Nicholas Bohac: Consistently Changing
We were thrilled to recently get in touch with artist Nicholas Bohac, an Omaha native whose work will be featured in the upcoming Bemis Underground exhibition Nothing & Everything at Once. Now based in San Francisco, Bohac talks about the exhibition, his methods and influences, and his Ralston roots.
Omaha.net: Tell us a bit about your process. How long does a typical painting take? Do you work on one piece at a time, or multiple works? Do you start with sketches?
Nicholas Bohac: The consistent theme within my process is to continue to evolve. When I started making the landscape work a few years ago, the work was all collage-cut paper on wood panel. Now it’s much more about painting directly on canvas and collaging elements into the compositions. For this show opening at the Bemis Underground, I scrapped the way I had done a lot of things in the past and tried some new things.
I went out and spent most of October at the Vermont Studio Center last year, and that’s where I really started to piece together this show. In fact, two of the smaller canvases ended up in this show and informed the larger work. After I got back from Vermont, I started to really think about and work on the paintings for the Underground show. So the first couple of larger paintings were started in early December, and the rest of the work came after that.
Bemis Center for Contemporary Arts
April 29 to May 28
Opening reception: April 29, 6 p.m. to 9 p.m.
Gallery talk: May 7, 12 noon
It’s hard to gauge how long a painting takes, because for this show I was working on a lot of things at once. Some nights I was going into the studio and silkscreening onto film all night, to use in the smaller “Fragment” pieces that will be hung all over this show. Other days, it was all about painting. I mean, most of this work is being worked on for a month or two, but it’s very start-and-stop. Monday, I might go into the week thinking, “I’m going to work on these three paintings this week and try to wrap up these two,” but when push comes to shove, I end up focusing most of my attention on the painting that I wasn’t planning on finishing, and in the process I end up finishing that painting.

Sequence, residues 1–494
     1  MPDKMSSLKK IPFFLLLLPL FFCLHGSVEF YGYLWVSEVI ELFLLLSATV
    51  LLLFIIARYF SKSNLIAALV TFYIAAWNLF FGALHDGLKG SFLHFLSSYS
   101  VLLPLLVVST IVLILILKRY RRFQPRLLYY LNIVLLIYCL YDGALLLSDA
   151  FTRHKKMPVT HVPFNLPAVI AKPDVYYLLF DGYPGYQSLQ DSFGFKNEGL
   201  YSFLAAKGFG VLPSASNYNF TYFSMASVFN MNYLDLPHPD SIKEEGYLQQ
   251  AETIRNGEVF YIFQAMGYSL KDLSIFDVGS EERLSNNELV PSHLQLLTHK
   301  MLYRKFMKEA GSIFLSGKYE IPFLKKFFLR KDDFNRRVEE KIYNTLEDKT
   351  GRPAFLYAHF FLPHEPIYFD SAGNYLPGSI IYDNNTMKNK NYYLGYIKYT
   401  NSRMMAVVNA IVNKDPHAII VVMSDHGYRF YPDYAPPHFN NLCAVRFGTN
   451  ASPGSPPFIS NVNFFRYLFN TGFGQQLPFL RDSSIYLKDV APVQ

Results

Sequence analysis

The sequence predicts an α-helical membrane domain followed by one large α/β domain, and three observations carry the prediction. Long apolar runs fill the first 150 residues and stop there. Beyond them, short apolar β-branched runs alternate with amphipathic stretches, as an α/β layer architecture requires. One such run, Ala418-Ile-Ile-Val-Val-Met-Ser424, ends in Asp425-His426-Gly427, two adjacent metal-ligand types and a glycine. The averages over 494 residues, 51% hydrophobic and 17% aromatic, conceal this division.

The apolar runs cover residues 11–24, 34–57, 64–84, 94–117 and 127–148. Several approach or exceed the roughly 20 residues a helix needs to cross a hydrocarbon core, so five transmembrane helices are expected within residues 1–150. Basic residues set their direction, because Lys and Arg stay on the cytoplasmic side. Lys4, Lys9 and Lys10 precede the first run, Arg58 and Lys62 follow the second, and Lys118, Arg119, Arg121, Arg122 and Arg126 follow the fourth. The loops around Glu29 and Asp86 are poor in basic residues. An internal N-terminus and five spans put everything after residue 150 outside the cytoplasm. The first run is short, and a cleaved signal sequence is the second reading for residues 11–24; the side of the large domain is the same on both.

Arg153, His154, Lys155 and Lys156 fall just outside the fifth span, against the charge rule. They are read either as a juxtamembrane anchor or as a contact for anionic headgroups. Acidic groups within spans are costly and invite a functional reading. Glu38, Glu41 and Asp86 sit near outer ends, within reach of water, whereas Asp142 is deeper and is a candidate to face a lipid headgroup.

When I’m trying to develop a painting, I’m doing a mix of sketches and using a projector. Lately I’m starting with photos—both found and taken by myself—and typically I end up reworking them in Photoshop. I’ll project a general composition that I want to work from onto the canvas, and then start painting. As time progresses, I might do some sketches on tracing paper that I then lay over the painting and transfer onto the image. I mean, this is just how things are going now. A month or two from now, I might be doing things completely different.
You’re currently working on landscapes. California has a rich history of landscape painters. Nebraska has a distinct landscape. Tell us how the various places you’ve lived in inform your paintings.
For me, California is much more about the variance in the landscape, while Nebraska is very flat. Now, some people might hear “flat” and thing “boring,” but it’s much more than that to me. When I flew in last week, the first thing I noticed was just how huge the sky is. I don’t have mountains or tall buildings obstructing my view, and Nebraska has this phenomenal relationship with weather. Clouds come in, threatening a thunderstorm, and everything is lit with these warm pinks and oranges as the sun dips over the horizon. I don’t see things like that in California, especially in San Francisco. I’m only about five blocks in from Ocean Beach, so I can run out there and see a large sky over a flat ocean, but it just never reads the same way that it does here.
My wife is from this small town in southeast Kansas, and I go back there about once a year with her and always end up going back to California ready to work. I never lived in Kansas, and I never lived in a small town like she did, so there’s something really nice about going home with her and seeing things in a new light, especially coming from a place that’s as densely packed as the Bay Area. Vermont was that way, as well. The Studio Center is in this small town—Johnson, Vermont—that sits in this valley surrounded by tree covered mountains. I flew in a few days after the leaves had started changing colors, and before I knew it, I was making these very warm-colored paintings.